I made two batches from this recipe. I found the cornstarch to be the overwhelming smell. i did one with tea tree oil and it had a slight scent of a hippie. then i tried the other with vanilla. i had to add so much vanilla to cover the cornstarch smell that it was just runny and unusable. i threw both batches out.

  • whackjob72

    Both Alzheimer’s society (UK) and the Alzheimer’s Association (US) have stated that there is only circumstantial evidence, rather than causal evidence with aluminum and Alzheimer’s disease. I’m not saying you shouldn’t avoid chemicals whenever possible, but is it wise to state that there is a link between aluminum and Alzheimer’s when both organizations have distanced themselves from that theory?

    • I think that avoiding chemicals as a whole has been recommended as a proactive health measure and that this is what counts. There are different studies that agree with my point and others that don’t and that is just because there hasn’t been enough time for statistical evidence to transpire. Medical associations tend not to jump on board with a mandate until a study has proven it. However, often times, the point is proven by the time they jump on board.

      • MrSelatcia

        “I think that avoiding chemicals as a whole has been recommended as a proactive health measure and that this is what counts. There are different studies that agree with my point and others that don’t and that is just because there hasn’t been enough time for statistical evidence to transpire.”

        Seriously? This is your reply? Well there isn’t proof yet, but just you wait. In the meantime posting inaccurate and misleading information is perfectly acceptable.

        Further, since when is avoiding chemicals a recommended proactive health measure? You know, considering that THEY ARE EVERYWHERE. Good luck avoiding them.

        “Medical associations tend not to jump on board with a mandate until a study has proven it. However, often times, the point is proven by the time they jump on board.”

        WTF? Are you for real? Of course the point is proven by the time they jump on board. That is what they to make a stand, PROOF! They can’t just take the word of every nutcase out there that their cancer cure works. Medical associations are made this way to protect the public.

        As for the article:

        There is only aluminum put into commercially produced antiperspirants, not deodorants.

        Aluminum is a neurotoxin to humans only when ingested in sufficient doses to be harmful. Unless you are eating bars of antiperspirants daily, there is no need to worry.

        Darbre P.D,. “Aluminium, antiperspirants and breast cancer.” Journal of Inorganic Biochemistry. 1 Jan. 2005, Volume 99(9): 1912-1919.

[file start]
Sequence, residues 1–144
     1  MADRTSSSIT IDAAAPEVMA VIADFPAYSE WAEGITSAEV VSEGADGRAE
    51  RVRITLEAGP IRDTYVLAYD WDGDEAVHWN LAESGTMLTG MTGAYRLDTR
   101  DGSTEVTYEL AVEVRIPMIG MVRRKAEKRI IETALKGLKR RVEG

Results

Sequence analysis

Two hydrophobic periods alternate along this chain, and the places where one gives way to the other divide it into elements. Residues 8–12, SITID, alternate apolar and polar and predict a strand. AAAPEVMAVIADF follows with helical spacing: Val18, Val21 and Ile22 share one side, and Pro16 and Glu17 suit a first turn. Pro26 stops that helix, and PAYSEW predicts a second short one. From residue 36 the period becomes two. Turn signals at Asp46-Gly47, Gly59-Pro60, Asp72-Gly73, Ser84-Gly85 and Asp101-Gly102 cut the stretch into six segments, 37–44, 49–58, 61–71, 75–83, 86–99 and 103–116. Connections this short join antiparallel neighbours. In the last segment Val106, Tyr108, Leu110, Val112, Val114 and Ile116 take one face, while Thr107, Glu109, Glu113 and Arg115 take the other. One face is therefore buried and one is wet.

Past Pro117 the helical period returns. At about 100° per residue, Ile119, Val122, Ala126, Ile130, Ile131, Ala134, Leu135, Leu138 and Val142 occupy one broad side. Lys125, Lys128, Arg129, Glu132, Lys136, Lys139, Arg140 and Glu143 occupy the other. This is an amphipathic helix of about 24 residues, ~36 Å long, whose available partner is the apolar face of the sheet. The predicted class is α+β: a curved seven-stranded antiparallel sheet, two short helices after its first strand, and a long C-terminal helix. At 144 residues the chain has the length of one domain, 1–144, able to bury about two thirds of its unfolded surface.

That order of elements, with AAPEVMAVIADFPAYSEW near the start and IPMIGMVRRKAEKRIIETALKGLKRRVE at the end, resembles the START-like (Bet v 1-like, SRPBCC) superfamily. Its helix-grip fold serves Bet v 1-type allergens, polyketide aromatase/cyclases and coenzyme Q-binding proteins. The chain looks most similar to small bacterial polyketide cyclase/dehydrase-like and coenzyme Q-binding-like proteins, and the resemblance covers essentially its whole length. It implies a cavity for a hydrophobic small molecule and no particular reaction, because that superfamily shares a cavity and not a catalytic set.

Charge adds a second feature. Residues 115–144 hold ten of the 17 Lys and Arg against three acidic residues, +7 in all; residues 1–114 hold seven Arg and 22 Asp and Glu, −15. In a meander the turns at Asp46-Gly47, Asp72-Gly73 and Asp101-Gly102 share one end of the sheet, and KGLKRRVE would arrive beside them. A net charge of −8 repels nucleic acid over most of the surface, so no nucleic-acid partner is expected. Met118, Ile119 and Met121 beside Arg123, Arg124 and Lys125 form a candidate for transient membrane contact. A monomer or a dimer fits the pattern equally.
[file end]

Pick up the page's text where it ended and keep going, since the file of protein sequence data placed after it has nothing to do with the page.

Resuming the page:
This article is packed full of fail. Was there ANY research done, or were you simply spewing what your naturopath told you?

        • Thank you for your comment. I really appreciate it and like hearing different points of view. As far as avoiding chemicals goes I agree with you, it can be tough right now and you may not be able to do it 100%, however each person can make an effort to limit their exposure in their home, workplace etc.

          As far as proof goes, I work in the medical industry and know that long term effects due to exposure to different elements can take 15-20 years to come to the forefront. Take asbestos for example: you can be exposed as a young adult and not have any medical concerns from it until you are middle aged. My point here is that literature now is starting to elude to the fact that chemicals are carcinogenic (cause cancer) but studies are still in progress. For me, I like to be proactive and get ahead so I have made an effort to avoid them as much as I can. This post was my effort to share how others can do the same. I will not be surprised that in 10 years or so, the recommendation is to avoid chemicals as much as possible. However until those studies are completed, physicians and medical personal are restrained form saying so. However, numerous medical groups in different communities are already taking a stand on this regardless of study status.

          As for aluminum, it can still have effects over time by exposing yourself to small doses. In my line of work, I have seen people in clinic with hormonal imbalances and endocrine issues because of aluminum exposure. After recommending they change their deodorant their levels have normalized.

          It is ok to disagree with this article and the points within it because we are allowed to base our feelings on the knowledge we believe. I just wanted to provide some clarification to your comments.

          • Thanks for the civil discourse Miss T.
            @MrSelatcia – play nice. Attacking comments on this site aren’t usually approved but Miss T requested the opportunity to respond. Your comments are interesting and perhaps valid – however, style is important as well. Thanks.

          • MrSelatcia

            “As far as avoiding chemicals goes I agree with you, it can be tough right now…”